unit of cells) at time zero to 840 ± 165 pmol after the 60 min aerobic incubation period.
Several experiments established the characteristics of DHE redistribution from the PM to LDs. If the samples were kept on ice or treated with energy poisons immediately after DHE loading, the PM fluorescence pattern persisted for several hours and no intracellular foci were observed (). We examined DHE redistribution in end4-1ts
cells that are defective for endocytosis at 37°C (34
). Whereas transport of the lipid dye FM4–64 (35
) from the PM to vacuoles was blocked in these cells at 37°C as expected (not shown), redistribution of DHE from the PM to intracellular foci was not (, bottom panels). Thus, redistribution of DHE from the PM to LDs does not require vesicular transport from the PM. Our data suggest that a fraction of DHE moves from the PM to the ER during the aerobic incubation period. At the ER, it is esterified by Are2 and packaged into LDs. The overall redistribution process occurs by a non-endocytic mechanism that requires metabolic energy. The molecular basis of the metabolic energy requirement is unknown: energy may be required directly for transport, e.g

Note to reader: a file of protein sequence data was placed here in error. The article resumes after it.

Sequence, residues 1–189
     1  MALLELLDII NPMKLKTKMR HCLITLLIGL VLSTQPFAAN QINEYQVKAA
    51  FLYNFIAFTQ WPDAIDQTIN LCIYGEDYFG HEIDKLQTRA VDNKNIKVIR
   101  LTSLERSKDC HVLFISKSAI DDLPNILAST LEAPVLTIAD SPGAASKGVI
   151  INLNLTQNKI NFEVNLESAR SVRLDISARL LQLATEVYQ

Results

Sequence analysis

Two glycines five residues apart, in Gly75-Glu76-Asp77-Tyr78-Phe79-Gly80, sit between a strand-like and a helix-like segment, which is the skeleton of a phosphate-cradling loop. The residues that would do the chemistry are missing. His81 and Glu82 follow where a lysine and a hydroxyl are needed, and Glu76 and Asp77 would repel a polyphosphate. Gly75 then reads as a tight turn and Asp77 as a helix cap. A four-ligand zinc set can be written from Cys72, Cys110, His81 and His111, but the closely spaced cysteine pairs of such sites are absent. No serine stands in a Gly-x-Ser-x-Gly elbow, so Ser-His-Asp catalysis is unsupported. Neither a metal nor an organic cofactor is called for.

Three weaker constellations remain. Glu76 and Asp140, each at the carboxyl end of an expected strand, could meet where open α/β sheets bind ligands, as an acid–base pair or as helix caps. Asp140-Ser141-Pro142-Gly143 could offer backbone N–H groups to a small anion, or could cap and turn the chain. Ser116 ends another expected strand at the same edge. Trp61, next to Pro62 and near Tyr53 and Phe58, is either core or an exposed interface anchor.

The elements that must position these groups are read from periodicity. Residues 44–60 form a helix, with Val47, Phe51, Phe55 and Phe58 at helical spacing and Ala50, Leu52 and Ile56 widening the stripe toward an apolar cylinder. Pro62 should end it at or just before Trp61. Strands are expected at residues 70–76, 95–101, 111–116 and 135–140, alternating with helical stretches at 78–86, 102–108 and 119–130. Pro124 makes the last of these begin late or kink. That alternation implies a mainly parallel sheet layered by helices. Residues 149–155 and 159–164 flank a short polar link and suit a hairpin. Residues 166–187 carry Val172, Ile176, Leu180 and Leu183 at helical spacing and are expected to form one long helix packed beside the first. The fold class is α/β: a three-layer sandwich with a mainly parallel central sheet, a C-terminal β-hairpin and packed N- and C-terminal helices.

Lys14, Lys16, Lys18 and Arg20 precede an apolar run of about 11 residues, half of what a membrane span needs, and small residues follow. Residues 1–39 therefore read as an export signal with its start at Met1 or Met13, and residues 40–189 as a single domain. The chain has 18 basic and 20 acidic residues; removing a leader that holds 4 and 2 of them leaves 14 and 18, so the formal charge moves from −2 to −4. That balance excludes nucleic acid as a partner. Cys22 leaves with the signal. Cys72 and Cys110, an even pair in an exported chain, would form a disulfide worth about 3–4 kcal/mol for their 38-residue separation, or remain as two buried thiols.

., to activate an STP by phosphorylation, or indirectly for the assay read-out, e.g.
, synthesis of fatty acyl CoA for steryl ester production.
Kinetics of DHE redistribution
To evaluate the rate at which DHE redistributes from the PM to LDs during aerobic incubation, we analyzed samples taken at different time points over a 60-min period. The samples were preserved for analysis by adding energy poisons and incubating on ice. Three complementary analyses were performed.